She thought about the day Aeschylus was chosen as her guardian. It was her twelfth birthday, a milestone among maidens and Children of the Dawn. Her aunt, the Lordess Ascendant, the beautiful and powerful ruler of Pa’ngarin, picked Aeschylus for Aurora from among the horde of unseasoned and dirty men who worked the mines and fields.
Her aunt’s words were soft that day.
Soft speech wasn’t Lordess Ascendant’s way. However, on the day when Aurora was presented before the Court of the Nine Blossoms, she spoke in hurried, loving words. She told the young maiden that this man was the strongest among the bloodthirsty and hate-mongering species of men.
He would protect her until his death.
Her new guardian would be her steadfast companion for as long as she saw fit. He would see to all her needs; and if she required, be her First––marking her ascendance.
Aurora smiled as she remembered young Aeschylus. He was already a man when he was appointed as her guardian. Strong-jawed and tight-lipped, he was a cordial, but removed, warrior just a moon past his eighteenth birthday.
At the time, she didn’t know that Aeschylus followed her around long before he became her guardian. His mother died in the same Scythian raid that killed her mother when she was an infant. Every time young Aurora wandered without supervision, Aeschylus wasn’t far away.
But his assistance had a price.
When he was only thirteen, he carried Aurora from the orchards after she fell down and injured her foot. It was against Pa’ngarin law for a man to touch a woman without consent, especially to treat her as if she were powerless to help herself. His act of compassion earned him ten lashes at the center of the Court of the Nine Blossoms. After that incident, he became more careful, making certain to remain hidden from view as he protected her.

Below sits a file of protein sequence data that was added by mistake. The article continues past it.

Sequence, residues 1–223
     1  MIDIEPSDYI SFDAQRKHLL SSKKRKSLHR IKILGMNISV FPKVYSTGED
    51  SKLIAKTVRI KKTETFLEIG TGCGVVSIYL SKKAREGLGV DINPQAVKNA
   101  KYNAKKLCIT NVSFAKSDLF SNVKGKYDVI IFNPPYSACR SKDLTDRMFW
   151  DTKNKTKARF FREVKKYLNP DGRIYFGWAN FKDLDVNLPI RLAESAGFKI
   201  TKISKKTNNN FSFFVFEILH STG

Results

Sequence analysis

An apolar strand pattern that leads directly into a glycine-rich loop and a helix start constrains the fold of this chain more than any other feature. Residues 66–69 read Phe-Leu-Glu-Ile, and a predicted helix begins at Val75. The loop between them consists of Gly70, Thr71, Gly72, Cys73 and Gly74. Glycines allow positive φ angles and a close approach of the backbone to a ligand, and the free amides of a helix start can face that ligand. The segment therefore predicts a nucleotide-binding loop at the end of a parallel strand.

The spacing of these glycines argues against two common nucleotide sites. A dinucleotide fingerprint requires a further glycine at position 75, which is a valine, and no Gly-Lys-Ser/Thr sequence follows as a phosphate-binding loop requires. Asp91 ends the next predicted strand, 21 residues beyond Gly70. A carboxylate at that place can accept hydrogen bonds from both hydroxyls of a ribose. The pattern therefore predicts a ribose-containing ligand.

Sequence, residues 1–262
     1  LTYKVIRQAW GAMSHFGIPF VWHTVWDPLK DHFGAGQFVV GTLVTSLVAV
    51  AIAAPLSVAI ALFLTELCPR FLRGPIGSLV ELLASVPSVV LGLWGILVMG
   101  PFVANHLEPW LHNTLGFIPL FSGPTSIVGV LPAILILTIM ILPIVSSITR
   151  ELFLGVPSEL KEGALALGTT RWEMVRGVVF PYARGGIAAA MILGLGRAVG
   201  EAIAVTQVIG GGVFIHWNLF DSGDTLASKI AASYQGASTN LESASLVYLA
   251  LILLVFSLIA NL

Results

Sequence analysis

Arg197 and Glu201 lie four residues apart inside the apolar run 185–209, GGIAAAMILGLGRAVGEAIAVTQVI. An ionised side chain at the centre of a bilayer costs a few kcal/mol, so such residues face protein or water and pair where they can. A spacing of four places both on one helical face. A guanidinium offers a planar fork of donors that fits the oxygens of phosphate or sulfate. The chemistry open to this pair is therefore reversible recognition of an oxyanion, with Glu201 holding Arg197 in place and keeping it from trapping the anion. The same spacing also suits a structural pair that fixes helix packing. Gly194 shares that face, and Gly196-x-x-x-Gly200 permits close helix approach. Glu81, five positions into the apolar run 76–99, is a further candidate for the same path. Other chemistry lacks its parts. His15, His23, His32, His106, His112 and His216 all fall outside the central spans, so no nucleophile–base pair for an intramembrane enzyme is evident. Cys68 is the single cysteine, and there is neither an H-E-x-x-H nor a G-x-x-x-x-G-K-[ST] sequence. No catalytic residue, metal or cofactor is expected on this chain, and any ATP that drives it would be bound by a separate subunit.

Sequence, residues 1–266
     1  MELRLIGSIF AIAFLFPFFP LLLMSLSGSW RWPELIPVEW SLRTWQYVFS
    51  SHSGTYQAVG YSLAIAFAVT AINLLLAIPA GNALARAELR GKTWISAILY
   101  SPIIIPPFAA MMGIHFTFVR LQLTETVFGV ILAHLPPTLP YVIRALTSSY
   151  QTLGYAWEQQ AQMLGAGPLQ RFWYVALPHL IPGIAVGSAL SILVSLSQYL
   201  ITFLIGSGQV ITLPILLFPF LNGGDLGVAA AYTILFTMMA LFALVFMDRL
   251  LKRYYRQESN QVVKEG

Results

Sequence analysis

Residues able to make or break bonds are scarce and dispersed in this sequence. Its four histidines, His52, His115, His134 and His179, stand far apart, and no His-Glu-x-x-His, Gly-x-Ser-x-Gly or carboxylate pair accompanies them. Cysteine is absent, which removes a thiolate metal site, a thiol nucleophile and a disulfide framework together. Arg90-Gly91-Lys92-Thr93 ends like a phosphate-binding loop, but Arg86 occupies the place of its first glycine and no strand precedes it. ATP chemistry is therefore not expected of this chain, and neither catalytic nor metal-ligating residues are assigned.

Aurora shook herself from her reverie.
Along the side of the road sat a heavy black stone etched in sparkling silver lettering. The letters read Ma’oren.
Ma’oren was a rich town built around mining and forestry operations and run by a minor ascendant named Eris. Aurora couldn’t remember having met her.
Rows of tall trees obscured her vision to the north and south, but she had little fear in her heart despite the circumstances of the previous evening. The silence enveloping the surrounding forest would’ve been disarming if Aurora didn’t know that mining drove the creatures of the forest deeper into the woods. There were few dangers to a woman of her station in a society governed by women. If she were attacked and kidnapped by brigands, they would swing in the Court of the Nine Blossoms.
The trees lining the road soon gave way to cramped male dormitories built upon each other like sloping cliffs. The buildings had no windows except for a wide opening on the second floor.
A man stepped out of one of the dormitories’ slanted doors. His long gray hair was pulled back into a tight ponytail and his brown eyes, wide and wise, watched the young maiden pass. He didn’t meet her eyes, but instead stared intently at her mount. He knew the penalty for looking at a woman, if not asked to do so, was the sealing of the eyes.
Opposite the dormitories stood a vast cavern dug deep into the earth, beside which sprawling mining equipment was placed. A piercing whine filtered from the mine’s entrance, as if a whistle were being blown deep below. Aurora spurred her mount forward through the haze of dirt and dust spewing from the mine and made her way up the road toward the city proper.
As if by magic, the haze disappeared and a gleaming citadel rose in the distance. A dawn sphere was a great, ribbed structure composed of symmetrical, ivory pillars from ground to sky.




Dan O’Brien has over 50 publications to his name––including the bestselling Bitten, which was featured on Conversations Book Club’s Top 100 novels of 2012. Before starting Amalgam Consulting, he was the senior editor and marketing director for an international magazine. You can learn more about his literary and publishing consulting business by visiting his website at: www.amalgamconsulting.com. Follow him on Twitter at @AuthorDanOBrien.